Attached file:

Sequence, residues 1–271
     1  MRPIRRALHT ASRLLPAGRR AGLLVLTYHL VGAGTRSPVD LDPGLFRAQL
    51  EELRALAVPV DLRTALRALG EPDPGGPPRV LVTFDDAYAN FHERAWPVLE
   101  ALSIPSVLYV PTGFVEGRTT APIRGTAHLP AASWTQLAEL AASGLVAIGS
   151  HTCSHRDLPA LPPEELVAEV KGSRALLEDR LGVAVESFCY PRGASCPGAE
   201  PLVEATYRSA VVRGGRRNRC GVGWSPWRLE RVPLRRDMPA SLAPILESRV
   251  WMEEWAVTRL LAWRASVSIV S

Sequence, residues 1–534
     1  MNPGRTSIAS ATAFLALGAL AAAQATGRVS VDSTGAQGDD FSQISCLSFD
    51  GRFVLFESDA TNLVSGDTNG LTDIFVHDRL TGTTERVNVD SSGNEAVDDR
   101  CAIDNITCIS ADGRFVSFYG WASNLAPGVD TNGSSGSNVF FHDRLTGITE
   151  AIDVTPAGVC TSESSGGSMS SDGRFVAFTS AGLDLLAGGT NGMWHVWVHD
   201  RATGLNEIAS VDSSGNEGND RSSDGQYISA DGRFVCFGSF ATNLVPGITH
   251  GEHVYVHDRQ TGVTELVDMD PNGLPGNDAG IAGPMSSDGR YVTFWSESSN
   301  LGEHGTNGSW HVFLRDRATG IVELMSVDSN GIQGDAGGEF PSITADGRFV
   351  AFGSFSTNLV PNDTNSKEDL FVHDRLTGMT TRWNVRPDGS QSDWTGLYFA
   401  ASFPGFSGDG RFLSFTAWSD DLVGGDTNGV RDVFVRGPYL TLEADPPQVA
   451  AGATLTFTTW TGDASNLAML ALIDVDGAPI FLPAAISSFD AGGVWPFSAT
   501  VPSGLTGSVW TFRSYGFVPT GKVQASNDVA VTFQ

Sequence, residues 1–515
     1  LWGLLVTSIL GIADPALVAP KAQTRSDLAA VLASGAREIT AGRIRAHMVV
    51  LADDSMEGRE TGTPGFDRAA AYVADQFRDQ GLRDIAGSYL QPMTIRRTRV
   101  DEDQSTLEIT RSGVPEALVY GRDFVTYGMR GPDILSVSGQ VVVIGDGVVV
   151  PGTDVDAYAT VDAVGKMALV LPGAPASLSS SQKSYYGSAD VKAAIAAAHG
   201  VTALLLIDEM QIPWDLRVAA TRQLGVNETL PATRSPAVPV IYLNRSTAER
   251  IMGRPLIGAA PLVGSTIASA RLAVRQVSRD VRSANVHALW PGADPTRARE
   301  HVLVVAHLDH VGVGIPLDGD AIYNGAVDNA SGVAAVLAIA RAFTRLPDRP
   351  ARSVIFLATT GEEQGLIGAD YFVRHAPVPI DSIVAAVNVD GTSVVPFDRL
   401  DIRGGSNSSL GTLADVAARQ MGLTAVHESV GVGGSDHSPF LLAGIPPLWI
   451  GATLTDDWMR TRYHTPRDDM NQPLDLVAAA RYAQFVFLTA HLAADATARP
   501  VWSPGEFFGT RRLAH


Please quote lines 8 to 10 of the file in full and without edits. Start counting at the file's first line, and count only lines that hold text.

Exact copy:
Sequence, residues 1–534
     1  MNPGRTSIAS ATAFLALGAL AAAQATGRVS VDSTGAQGDD FSQISCLSFD
    51  GRFVLFESDA TNLVSGDTNG LTDIFVHDRL TGTTERVNVD SSGNEAVDDR